PM Modi's 'Saubhagya' scheme: Whose fortunes will it brighten?
Companies which will provide supporting infrastructure for the last-mile connectivity will benefit from the scheme to electrify all villages.
Jitendra Kumar Gupta
Prime Minister Narendra Modi, while addressing a gathering recently, stressed on “Power for All” by illustrating a very interesting fact that despite the fact that light bulb was invented by Thomas Edison, more than 125 years ago, it is unfortunate that more than 40 million households are without power.
The government intends to electrify all the villages by the end of December 2018 with the total investment outlay of Rs 16,320 crore. The industry estimates suggest that implementation of 'Saubhagya', the newly launched scheme to electrify all villages, could lead to an additional demand for 25,000 MW of power, which is about 7 percent of India’s current installed power capacity of 3,29,000 MW.
While this is slightly positive for generation companies, the real issue that experts highlight is that even if the connectivity is provided, will Discoms supply power and how will they collect money?
That raises questions about generation growth. Barring generation, what is interesting is that companies in the ancillary sector or the companies which will provide supporting infrastructure for the last-mile connectivity will benefit.A look at companies providing the last mile connectivityOne obvious party to this is state-owned company Rural Electrification Corporation (REC), which is also a nodal agency for the government electrification programme. REC, which provides funding for such projects, can now hope for higher disbursements for both the generation and T&D space. While investors have an apprehension about quality of assets of REC considering the net NPA of close to 1.6 percent, what is interesting is that it makes close to 5 percent NIM and has received good visibility.
The other state-owned company that could possibly benefit is Power Grid which will help in providing transmission lines to connect the villages. Power Grid, which spent Rs 28,200 crore in FY17, makes regulated return on the equity investment in these projects.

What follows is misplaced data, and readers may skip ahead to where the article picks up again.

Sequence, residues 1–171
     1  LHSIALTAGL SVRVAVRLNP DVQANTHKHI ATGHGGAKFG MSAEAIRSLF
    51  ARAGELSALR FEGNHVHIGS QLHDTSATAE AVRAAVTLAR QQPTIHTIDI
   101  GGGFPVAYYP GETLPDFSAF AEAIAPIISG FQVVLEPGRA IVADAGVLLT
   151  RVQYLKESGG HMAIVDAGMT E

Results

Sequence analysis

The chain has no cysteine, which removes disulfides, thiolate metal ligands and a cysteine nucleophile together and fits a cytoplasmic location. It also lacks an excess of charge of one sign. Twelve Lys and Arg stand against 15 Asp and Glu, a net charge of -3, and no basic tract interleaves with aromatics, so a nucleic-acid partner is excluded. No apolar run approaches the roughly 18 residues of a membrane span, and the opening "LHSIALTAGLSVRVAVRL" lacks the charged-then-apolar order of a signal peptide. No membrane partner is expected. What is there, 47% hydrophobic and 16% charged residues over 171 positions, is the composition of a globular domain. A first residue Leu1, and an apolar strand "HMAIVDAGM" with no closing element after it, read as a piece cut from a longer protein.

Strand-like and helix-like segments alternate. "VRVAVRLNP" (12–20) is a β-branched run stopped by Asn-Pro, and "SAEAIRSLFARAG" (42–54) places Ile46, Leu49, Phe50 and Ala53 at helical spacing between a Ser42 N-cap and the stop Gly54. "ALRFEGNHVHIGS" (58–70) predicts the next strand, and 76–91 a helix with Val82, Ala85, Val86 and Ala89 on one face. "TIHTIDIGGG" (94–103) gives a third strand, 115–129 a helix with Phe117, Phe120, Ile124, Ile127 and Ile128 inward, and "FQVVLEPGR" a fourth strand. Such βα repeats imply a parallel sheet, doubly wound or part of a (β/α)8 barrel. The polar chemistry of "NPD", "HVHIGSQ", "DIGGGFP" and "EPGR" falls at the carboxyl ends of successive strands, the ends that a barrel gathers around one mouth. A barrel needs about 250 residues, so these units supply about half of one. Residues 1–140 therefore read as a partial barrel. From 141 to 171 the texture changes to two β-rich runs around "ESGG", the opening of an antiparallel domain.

While Power Grid merely owns and maintains these assets, in the downstream there are lot many companies in the transformer, cables, insulator, transmission lines and substations, which benefit a lot with the spending on the T&D sector. ABB India, which generates about 20 percent of its revenue from the electrification products, could be a good contender, with the expertise and dominant positioning in the products that are required in the T&D space and power substation.
This will also mean a good opportunity for transformer suppliers particularly in the smaller capacity like sub 220 KV transformers, which will find their applications in connecting the remote villages with relatively less density of consumers. Companies like Voltamp Transformers are the leading players with lot of spare capacity in the sub-220 KV segment. Voltamp, which is sitting on cash (25 percent of market capitalisation), operated at capacity utilisation of 78 percent in FY17 and sitting on good order book providing improved earnings visibility.
Other two prominent players in the value chain and direct beneficiary of this would be KEC International and Kalpataru Power. Both the companies get most of their orders from Power Grid and are currently sitting on a strong order book, which provides revenue visibility of close to two years. However, in terms of the valuations, Kalpataru Power, which is trading at about 12 times its one-year forward earnings, is relatively cheaper compared with KEC International currently trading at about 20 times its forward earning.Moneycontrol Research Page.